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Google Cracks Down On Work From Home, Tells Workers To Return To The Office

Joseph F. Kovar

Google tells those employees that have not received approval to work from home that they will have to spend at least three days a week in the office, and at the same time asking those with work-from-home approvals to please return and that their approvals are subject to rescinding.

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Google this week made it clear that it wants its employees to come back to the office.

Google, which in early 2020 was one of the first large tech companies to allow its employees to voluntarily work from home as a result of the COVID-19 pandemic, is now looking to force its employees to return to the office at least part time.

As first reported by CNBC, Google Wednesday updated its hybrid work policy by requiring most employees to physically come to the company’s offices at least three days a week. Google is also tracking attendance via office badges, and including office attendance as part of its employee reviews, CNBC reported.

With the move, Google becomes the latest tech company to push its work-from-home employees to return to the office for at least three days a week.

[Related: Dell Technologies Mandates Workers Return To Offic e ]

The updated hybrid work policy was sent in an internal memo to Google employees via email.

As part of its updated hybrid work policy, Google is also requesting those employees who previously had approval to work from home to reconsider coming to the office on a hybrid work schedule to be better connected to the Google community, CNBC reported.

Those employees who were pre-approved to work from home full time may find that approval rescinded, CNBC reported.

Google did not reply to a CRN request for information by press time.

The Verge posted part of the Google internal memo which read, “We know that a number of people moved to fully remote work for many good reasons, as we all adjusted to the pandemic. For those who are remote and who live near a Google office, we hope you’ll consider switching to a hybrid work schedule. Our offices are where you’ll be most connected to Google’s community. Going forward, we’ll consider new remote work requests by exception only.”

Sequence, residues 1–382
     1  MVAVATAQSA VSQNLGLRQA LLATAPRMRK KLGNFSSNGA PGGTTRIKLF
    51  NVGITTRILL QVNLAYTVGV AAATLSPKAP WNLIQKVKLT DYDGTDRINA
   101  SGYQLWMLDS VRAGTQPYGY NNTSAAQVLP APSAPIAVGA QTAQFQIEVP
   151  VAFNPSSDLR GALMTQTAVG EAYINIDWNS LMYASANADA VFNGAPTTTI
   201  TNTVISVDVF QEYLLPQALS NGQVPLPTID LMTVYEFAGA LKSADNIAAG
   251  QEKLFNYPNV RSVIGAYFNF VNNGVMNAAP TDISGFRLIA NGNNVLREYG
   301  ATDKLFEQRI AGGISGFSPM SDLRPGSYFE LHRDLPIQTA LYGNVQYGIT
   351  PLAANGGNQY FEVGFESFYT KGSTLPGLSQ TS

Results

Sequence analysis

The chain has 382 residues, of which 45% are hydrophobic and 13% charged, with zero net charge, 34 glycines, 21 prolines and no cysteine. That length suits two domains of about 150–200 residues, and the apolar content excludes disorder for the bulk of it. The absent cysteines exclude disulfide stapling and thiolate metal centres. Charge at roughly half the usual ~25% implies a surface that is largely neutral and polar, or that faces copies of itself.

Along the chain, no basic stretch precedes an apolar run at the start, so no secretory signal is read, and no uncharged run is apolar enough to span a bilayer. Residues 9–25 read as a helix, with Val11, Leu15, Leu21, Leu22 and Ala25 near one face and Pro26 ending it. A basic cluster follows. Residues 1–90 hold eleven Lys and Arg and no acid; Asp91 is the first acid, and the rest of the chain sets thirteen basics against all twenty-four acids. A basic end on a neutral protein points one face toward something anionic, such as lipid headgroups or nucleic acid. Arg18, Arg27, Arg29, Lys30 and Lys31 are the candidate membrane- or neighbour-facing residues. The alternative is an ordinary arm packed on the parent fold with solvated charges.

Google’s hybrid work policy has changed since the beginning of the pandemic.

In March of 2021, Google welcomed employees to return to the office, and said it will continue taking a “phased and deliberate” approach to safely bringing back more people to the office where it can.

Two months later, Google said it expects 60 percent of Googlers will spend a few days per week in the office, 20 percent will work in new office locations and another 20 percent will work from home.

Google in August of 2021 extended its work from home offerings into 2022, and promised employees a 30-day heads-up before requiring them to return to the office.

Google in April of 2022 officially re-opened its U.S. offices and asked employees in several U.S. locations to return to the office at least three days per week.

Google isn’t alone in trying to bring its work-from-home employees back to the office.

Amazon in February told its employees they had to work from the office at least three days each week, a move that prompted Amazon employees to sign a petition asking the company to “uphold Amazon’s mission to be Earth’s Best Employer by creating working policies that increase equity and inclusion for all employees.”

Dell Vice Chairman and Co-Chief Operating Officer Jeff Clarke in May told its employees to return to the office at least three days a week despite company Chairman Michael Dell’s complaint last September that chided CEOs for forcing employees to return to the office. Dell at the time wrote, “If you are counting on forced hours spent in a traditional office to create collaboration and provide a feeling of belonging within your organization, you’re doing it wrong.”

Learn More: Coronavirus
Joseph F. Kovar

Joseph F. Kovar is a senior editor and reporter for the storage and the non-tech-focused channel beats for CRN. He keeps readers abreast of the latest issues related to such areas as data life-cycle, business continuity and disaster recovery, and data centers, along with related services and software, while highlighting some of the key trends that impact the IT channel overall. He can be reached at jkovar@thechannelcompany.com.

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